Children's Narrative and Story Grammar



Children's narrative: Narrative is a spoken or written message that follows the rules of story grammar, which recounts a chain of events in a story.


Stories have a dependable structure that is highly reliable and consistent.


That structure is known as story grammar.


The story grammar rule generally centres on a main character who overcomes a problem, or series of problems and learns a valuable lesson from the events of the story.


Children, with typical language development, enter school with narrative skills that are developed and honed at home and in their community.


Children at the age of 4-5 years are usually adept at narrating personal recounts.


That is, telling a listener about their own experiences.


When children create stories - the invention of stories, not centred on their life experiences - this requires a more sophisticated grasp of language.


Young school-age students are expected to be familiar with this particular genre as they begin their school life. Their oral stories have a good awareness of time and place and character motivation is clear.


In contrast with typically developing children, children with language difficulty create stories that have a poor sense of time and place and have undeveloped character motivation.


The stories lack detail and are generally very short. Grammatical structure tends to be poor and a general lack of semantic word and world knowledge leads to children creating written stories tht contain limited information.






Story Grammar



What follows is the story grammar structure using an example from an original story: 'Guff the Neanderthal Boy.'

Guff is a young Neanderthal boy on his first hunt,in prehistoric times in Europe, 150 000 years ago. Guff's tribe is hunting wooly mammoths for food.

The hunt goes terribly wrong and in the resulting panic Guff becomes separated from his tribe. He is alone and lost.

That night Guff sleeps in a ditch to hide from predators. The next morning he follows a river that he hopes will lead to his tribe's camping ground.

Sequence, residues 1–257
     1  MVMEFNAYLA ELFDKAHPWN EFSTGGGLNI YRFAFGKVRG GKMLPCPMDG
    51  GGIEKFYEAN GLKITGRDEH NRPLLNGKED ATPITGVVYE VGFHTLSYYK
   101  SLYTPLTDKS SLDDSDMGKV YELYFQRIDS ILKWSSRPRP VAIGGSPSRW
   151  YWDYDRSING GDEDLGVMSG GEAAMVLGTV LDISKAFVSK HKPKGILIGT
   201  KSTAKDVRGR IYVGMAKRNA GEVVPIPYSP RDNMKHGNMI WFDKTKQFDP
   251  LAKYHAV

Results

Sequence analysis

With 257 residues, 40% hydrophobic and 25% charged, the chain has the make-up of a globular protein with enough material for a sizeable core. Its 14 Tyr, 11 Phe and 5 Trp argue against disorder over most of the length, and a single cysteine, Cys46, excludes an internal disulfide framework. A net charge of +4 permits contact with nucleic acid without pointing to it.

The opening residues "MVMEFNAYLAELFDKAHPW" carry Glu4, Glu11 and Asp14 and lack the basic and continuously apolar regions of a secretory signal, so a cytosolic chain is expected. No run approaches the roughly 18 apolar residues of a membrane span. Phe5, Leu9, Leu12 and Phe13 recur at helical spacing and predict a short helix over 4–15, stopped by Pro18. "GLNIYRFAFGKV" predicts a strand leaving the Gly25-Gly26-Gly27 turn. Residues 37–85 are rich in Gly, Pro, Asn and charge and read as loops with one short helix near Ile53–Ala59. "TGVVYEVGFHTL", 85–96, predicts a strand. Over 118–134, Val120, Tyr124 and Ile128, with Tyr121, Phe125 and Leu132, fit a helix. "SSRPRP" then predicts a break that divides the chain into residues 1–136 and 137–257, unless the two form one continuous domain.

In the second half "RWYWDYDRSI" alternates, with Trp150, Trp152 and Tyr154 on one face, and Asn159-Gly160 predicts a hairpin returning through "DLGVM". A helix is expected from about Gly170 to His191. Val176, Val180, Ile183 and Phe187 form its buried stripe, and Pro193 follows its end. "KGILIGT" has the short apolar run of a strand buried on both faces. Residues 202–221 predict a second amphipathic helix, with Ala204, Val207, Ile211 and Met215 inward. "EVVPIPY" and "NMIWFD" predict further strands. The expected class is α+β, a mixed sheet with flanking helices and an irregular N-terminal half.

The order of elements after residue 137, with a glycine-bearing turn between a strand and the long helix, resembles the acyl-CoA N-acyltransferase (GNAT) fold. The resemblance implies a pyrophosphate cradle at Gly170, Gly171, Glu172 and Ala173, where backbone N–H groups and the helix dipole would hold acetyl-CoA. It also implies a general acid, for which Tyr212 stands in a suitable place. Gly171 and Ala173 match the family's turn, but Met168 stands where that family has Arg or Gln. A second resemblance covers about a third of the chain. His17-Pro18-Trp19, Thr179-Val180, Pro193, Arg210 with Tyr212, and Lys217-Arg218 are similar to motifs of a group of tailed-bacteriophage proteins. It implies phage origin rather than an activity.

After a long morning of travel Guff becomes hungry and later spears a fish in the river.

Guff makes a campfire, then cooks and eats the fish. The smell of the cooked fish attracts two sabre-tooth tigers, eager to make a meal of Guff.

Guff is too quick for the tigers and rapidly climbs a nearby tree. The tigers try in vain but are unable to climb the tree.

The sabre-tooth tigers are frightened off by members of Guff's tribe who have seen the smoke from Guff's campfire and have come to investigate.

Guff is safe.

Story Grammar Structure


Title: Guff the Neanderthal Boy


Setting (Where and when): 150 000 years ago in prehistoric Europe.


Initiating event: Ged is on his first hunt, hunting wooly mammoths.


Problem: The hunt goes terribly wrong and Guff becomes separated from his tribe.


Plan or attempts: Guff follows a river that may lead him home. He catches a fish and cooks it.


Consequence: The smell of the cooked fish attracts two sabre-tooth tigers. Guff climbs a tree to escape.


Resolution: Members of Guff's tribe arrive to save him from the tigers. Guff is safe.


Moral: Guff's resourcefulness and courage save him in a dangerous environment.





References

DeKemel, K.P. (2003) Intervention in Language Arts: A Practical Guide for Speech-Language Pathologists. Butterworth-Heinemann.

Kaderavek, J.N. (2011) Language Disorders in Children: Fundamental Concepts of Assessment and Intervention, Allyn & Bacon

Owens, R.E. (1996) Language Development: An Introduction, Allyn & Bacon

Paul, R. (2001) Language Disoders form Infancy through Adolescence. Assessment and Intervention. Mosby


Content Updated 8/11

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